Monday, November 05, 2007

 

Ameritina: History's warning about the price of money

I have been hearing this a lot lately:

We have sympathy for Ben Bernanke, Fed chairman, and company.

Or some variation of we feel sorry for them because they are in an impossible position. And the truth is they are, the Fed has an incipient credit crunch to deal with while the dollar is falling and commodity prices are rising. Cut rates and risk an out of control fall in the currency. Don't cut and watch the economy sink as the housing depression gets worse.

Truly no good solution but that still doesn't make me any less mad that they seem to have decided to trash the dollar and risk a 1970's style inflation and I am not alone. The "good" side of this choice is that it postpones reckoning with the housing market. In fact, I am sure the Fed's thinking goes something like this, "If the dollar doesn't get out of control by the end of next year we can get through the worst of the housing crisis." Of course, they might be right but it is a dangerous game which they are playing with the knowledge that previous crises were averted by the very same tactics. The problem is that times are different. The dollar is in a much more precarious position.

Between August 2001 and August 2007, the dollar price of gold soared 144 per cent, while the CPI rose only 17 per cent. The last time such a substantial and sustained appreciation of gold was observed was in the 1970s, on the heels of America's loose money policy and balance of payments deterioration in the 1960s and Rueff's warnings regarding "the precarious dominance of the dollar". There were two episodes, from 1971 to 1975 and from 1977 to 1980. In both, the increase in the price of gold and other commodities presaged substantial increases in CPI inflation as well as significant falls in the international value of the dollar.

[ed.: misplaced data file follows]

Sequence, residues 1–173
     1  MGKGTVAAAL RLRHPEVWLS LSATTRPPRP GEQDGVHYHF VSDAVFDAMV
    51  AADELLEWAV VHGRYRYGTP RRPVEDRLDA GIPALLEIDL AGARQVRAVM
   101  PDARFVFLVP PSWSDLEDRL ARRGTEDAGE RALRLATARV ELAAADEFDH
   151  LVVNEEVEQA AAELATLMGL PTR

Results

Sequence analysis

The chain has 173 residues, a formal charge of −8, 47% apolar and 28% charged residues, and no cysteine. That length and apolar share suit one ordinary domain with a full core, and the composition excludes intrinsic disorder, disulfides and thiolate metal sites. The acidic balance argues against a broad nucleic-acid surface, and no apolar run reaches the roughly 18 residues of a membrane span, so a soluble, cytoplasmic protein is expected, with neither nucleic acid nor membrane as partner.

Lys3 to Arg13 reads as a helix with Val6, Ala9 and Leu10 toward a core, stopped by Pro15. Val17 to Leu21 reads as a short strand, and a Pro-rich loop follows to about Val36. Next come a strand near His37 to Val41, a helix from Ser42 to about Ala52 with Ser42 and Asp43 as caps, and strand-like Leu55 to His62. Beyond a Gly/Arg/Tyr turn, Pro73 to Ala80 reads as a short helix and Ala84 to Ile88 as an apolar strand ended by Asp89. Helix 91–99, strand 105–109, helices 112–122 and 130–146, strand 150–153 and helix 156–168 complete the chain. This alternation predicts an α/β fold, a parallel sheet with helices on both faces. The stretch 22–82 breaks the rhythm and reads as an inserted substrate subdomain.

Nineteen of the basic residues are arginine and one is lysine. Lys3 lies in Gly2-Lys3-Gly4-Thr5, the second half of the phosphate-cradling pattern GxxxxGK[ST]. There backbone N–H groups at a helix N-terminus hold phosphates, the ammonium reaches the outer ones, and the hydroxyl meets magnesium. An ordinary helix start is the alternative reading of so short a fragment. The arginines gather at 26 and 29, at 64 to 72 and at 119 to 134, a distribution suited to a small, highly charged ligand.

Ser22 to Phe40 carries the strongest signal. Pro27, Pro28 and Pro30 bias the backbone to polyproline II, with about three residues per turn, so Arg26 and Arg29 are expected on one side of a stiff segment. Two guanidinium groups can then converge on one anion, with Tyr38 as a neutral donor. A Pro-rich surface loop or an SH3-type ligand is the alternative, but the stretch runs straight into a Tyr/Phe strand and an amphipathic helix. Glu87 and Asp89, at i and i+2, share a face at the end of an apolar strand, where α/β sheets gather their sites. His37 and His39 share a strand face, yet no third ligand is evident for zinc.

Full circle will bring us back to the next Fed chairman who will be forced to raise interest rates, a la Volcker, and crush inflation...and the economy. Better to let the housing market correct itself without the intervening bout of inflation. This won't happen because Helicopter Ben thinks he is smarter than the rest of us.

I haven't had a clear idea about what the stock market might be doing since the July-August turbulence showed itself to be just a correction. Right now I still think we are in a correction and there are a couple of ways it can shake out. (See the chart.) Support remains around 13,100 and 12,500. The volatile markets of late just reinforce my opinion that stocks will stay above 12,500 and move sideways probably until the New Year then rally for a final(?) blowoff top.



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